The flagrant consistency of the Lib Dems’ position on an in/out EU referendum

by Stephen Tall on January 20, 2013

EU flag - Some rights reserved by European ParliamentAs a follow-up to my post The surprising truth about that Lib Dem in/out EU referendum leaflet — and as a handy guide for journalists in the future — I thought I’d piece together the timeline of the recent history of the Lib Dems’ position on holding a referendum to give the British people a say on our future relationship with the European Union.

As you can see, it’s a picture of quite shocking, erm, consistency…

2007:

Lib Dems (under Ming Campbell) commit to an in/out referendum the next time a British government signs up for a fundamental change (the proposed EU constitution) in the relationship between the UK and the EU.

EU constitution rejected by voters in France and Holland, and is abandoned. No UK vote takes place.

2008:

Lib Dems (under Nick Clegg) commit to an in/out referendum the next time a British government signs up for a fundamental change in the relationship between the UK and the EU.

Government signs up to fundamental change: the Lisbon Treaty. Lib Dems push for in/out referendum in House of Commons.

2009:

Lib Dems remain committed to an in/out referendum with the British government signed up for a fundamental change (Lisbon Treaty) in the relationship between the UK and the EU.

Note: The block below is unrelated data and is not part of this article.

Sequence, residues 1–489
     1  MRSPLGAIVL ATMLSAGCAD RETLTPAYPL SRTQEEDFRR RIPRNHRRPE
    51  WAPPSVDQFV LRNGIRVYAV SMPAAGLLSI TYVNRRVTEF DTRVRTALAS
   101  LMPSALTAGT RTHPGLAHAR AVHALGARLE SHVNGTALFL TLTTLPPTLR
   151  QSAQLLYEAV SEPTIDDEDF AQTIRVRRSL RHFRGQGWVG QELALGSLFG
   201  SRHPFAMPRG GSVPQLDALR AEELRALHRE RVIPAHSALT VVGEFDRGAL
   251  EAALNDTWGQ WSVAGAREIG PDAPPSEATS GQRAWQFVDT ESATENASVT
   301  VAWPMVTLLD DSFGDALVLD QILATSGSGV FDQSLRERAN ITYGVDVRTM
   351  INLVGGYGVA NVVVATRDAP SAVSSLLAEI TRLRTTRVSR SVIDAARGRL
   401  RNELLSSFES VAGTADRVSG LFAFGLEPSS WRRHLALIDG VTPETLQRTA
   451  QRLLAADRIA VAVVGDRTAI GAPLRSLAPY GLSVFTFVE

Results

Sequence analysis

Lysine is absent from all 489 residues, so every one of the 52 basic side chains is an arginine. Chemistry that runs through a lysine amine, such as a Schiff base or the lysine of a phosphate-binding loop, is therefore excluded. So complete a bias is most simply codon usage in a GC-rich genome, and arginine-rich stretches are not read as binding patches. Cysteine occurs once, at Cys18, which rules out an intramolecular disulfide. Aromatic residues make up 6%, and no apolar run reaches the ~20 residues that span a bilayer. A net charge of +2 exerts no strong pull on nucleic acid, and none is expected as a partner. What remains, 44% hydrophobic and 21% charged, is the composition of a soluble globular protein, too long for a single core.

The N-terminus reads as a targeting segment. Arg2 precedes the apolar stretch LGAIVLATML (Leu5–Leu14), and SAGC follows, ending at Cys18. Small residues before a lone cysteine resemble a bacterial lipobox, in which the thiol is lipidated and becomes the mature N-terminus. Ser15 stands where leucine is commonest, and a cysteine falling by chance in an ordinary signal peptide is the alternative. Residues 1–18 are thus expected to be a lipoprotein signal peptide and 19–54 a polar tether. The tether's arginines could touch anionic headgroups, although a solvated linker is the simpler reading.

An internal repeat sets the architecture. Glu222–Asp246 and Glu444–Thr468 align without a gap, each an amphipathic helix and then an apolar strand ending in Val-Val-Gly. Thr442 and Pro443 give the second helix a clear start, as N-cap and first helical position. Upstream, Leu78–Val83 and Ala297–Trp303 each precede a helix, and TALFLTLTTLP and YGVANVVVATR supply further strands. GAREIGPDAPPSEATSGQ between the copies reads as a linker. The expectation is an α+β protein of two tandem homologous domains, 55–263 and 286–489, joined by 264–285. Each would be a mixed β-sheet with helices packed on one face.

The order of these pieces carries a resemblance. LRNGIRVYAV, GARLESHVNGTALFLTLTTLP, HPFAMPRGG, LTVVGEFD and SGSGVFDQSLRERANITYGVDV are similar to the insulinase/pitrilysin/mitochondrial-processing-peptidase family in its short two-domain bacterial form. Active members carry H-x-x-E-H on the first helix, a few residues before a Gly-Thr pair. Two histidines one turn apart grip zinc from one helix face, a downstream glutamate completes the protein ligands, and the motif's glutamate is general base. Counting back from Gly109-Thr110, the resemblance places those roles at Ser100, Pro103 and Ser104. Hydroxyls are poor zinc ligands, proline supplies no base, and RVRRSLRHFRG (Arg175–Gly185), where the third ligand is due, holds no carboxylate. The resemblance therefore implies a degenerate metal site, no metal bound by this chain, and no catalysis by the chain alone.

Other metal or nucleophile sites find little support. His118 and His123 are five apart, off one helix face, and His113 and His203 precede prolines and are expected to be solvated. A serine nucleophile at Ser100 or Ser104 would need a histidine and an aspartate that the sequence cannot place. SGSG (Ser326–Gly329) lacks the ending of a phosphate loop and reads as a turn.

Lib Dems commit to in/out referendum in Euro 2009 manifesto. Treaty ratified on 1 December, and Lib Dems confirm position remains: any EU referendum should be on the larger question of Britain’s relationship with the EU.

2010:

Lib Dems re-commit to an in/out referendum in 2010 general election manifesto the next time a British government signs up for a fundamental change in the relationship between the UK and the EU.

Coalition Government promises in 2011 to deliver referendum on any further EU treaty that transfers any powers from the UK government to the European Union.

* Stephen Tall is Co-Editor of Liberal Democrat Voice, a Research Associate for the liberal think-tank CentreForum, and also writes at his own site, The Collected Stephen Tall.

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